All About Japan

Baby Keepsake Calligraphy Brushes

| Deeper Japan , Stationery

Keeping track of a child's growth is something we as parents enjoy doing. We love to treasure our "baby's first" moments, particularly when our little one gets their first haircut! In Japan they call this akachan fude, taking hair strands from a baby or toddler and turning it into a precious keepsake calligraphy brush.

The Big Day

The Big Day

I have two children who are of mixed race (Palestinian American and Japanese). I didn't want to cut my children's hair until it was long and full; but when the time came, I was a bit worried that I wouldn't be able to save their hair.

At the time, I wasn't even sure if it was a common thing to do in Japan. When I asked the barber if he could put the hair in a small bag for me, he suggested something even better: he gave me a catalog that offered to take my children's hair and turn it into a calligraphy brush! There were many brush options with different prices, but the most amazing aspect about it was that I could write (or choose from a list) a message for my child to wish them a life of strong mental health and intellect.

The Process

The Process

The process was quite simple. The hair had to be 6 centimeters (2.3 in) or longer, a minimum requirement by the companies offering this service. You could submit the hair directly or place an order online, but, in my case, I didn't know how to read Japanese very well. So my barber offered to do it for me.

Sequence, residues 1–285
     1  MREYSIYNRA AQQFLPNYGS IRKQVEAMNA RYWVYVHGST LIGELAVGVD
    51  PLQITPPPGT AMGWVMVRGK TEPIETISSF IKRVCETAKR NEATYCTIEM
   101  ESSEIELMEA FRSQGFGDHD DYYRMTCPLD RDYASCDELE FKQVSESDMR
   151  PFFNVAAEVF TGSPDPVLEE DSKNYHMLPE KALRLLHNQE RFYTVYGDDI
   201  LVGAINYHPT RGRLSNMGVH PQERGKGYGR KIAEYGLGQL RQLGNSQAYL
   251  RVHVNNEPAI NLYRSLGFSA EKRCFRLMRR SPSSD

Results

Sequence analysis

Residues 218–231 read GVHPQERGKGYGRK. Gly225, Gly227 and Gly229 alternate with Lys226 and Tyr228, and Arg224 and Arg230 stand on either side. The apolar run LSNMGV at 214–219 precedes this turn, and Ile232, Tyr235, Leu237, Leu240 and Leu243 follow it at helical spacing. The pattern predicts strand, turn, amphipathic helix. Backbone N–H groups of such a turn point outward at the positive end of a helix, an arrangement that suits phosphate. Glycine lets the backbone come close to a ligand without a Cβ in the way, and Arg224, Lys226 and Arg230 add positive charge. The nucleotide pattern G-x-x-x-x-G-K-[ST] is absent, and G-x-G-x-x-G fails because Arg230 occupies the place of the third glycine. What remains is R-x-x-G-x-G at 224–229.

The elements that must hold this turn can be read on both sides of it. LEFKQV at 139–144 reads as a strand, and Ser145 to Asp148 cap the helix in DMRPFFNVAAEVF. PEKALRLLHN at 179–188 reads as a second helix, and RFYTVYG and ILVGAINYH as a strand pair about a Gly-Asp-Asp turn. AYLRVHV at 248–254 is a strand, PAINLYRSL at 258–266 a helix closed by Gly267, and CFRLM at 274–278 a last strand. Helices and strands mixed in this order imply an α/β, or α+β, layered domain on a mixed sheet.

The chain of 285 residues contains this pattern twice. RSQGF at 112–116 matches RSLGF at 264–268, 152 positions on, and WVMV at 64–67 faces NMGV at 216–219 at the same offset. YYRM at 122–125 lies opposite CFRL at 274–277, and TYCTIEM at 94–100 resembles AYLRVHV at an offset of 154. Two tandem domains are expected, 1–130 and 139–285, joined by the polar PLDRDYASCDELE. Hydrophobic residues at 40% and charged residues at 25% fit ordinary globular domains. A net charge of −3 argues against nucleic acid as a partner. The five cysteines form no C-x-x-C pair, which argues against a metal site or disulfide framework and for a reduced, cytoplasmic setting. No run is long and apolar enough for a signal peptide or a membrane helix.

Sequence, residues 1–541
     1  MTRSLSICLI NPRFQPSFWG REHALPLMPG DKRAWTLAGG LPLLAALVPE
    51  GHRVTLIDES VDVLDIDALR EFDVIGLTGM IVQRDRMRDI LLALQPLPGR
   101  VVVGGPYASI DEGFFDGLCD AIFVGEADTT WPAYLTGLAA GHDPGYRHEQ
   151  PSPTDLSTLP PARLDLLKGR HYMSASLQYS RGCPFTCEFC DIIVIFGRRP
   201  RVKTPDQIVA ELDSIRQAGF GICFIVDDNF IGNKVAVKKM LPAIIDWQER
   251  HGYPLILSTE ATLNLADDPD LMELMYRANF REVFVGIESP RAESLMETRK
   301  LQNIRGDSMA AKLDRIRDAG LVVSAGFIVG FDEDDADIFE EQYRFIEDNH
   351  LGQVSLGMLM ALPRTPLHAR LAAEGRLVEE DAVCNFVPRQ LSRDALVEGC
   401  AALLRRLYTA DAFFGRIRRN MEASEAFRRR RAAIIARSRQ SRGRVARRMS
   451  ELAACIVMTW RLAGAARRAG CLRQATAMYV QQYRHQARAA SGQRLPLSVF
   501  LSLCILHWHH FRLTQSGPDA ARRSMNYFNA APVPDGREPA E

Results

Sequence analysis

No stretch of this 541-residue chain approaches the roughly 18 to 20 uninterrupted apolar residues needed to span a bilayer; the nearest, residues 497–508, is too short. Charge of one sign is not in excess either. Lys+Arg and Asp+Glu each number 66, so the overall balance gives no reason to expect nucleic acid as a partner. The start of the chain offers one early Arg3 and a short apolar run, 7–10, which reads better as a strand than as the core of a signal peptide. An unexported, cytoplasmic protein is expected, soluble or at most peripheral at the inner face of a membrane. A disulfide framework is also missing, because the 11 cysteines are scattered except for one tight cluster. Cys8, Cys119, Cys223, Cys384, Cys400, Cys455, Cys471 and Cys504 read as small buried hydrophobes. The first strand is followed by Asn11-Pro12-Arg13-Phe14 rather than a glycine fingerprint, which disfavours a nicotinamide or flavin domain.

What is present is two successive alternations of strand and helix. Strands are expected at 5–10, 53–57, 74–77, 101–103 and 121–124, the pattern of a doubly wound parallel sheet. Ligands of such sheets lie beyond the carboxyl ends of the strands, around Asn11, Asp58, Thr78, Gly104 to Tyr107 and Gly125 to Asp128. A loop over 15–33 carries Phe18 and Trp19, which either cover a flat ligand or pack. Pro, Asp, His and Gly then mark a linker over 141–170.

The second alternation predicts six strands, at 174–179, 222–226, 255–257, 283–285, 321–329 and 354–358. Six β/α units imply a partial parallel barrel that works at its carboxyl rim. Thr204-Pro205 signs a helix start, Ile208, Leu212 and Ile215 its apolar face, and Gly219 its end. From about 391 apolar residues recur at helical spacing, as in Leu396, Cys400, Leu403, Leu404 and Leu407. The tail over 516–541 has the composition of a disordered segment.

He gave me an order form to fill out, which included my personal message, and then mailed it along with my child's hair and my payment. My son's hair is actually quite straight, so there was no problem packaging it, but my daughter, on the other hand, has very curly hair—we were skeptical if her brush would turn out authentic.

The actual process took about two months. When the barber told me to come to his shop to pick up the brushes, I was amazed at how beautiful they turned out!

The Result

The Result

The calligraphy brush came in a long wooden box with my child's name engraved on it, along with the personal message I'd written. It also came with a paper of authenticity from the Kumano brush makers.

Other Options

There are other options to preserve the hair, such as having it placed in a golden, egg-shaped keepsake brush made of Echizen lacquered wood. Called TamagoElegant, (tamago is egg in Japanese), the egg shape represents a baby’s head at birth. However, this is a bit more expensive and takes longer to receive. The base is dried lacquered wood, which is then plated with gold leaf before a final protective layer, a Japanese lacquer called suri-urushi, is applied.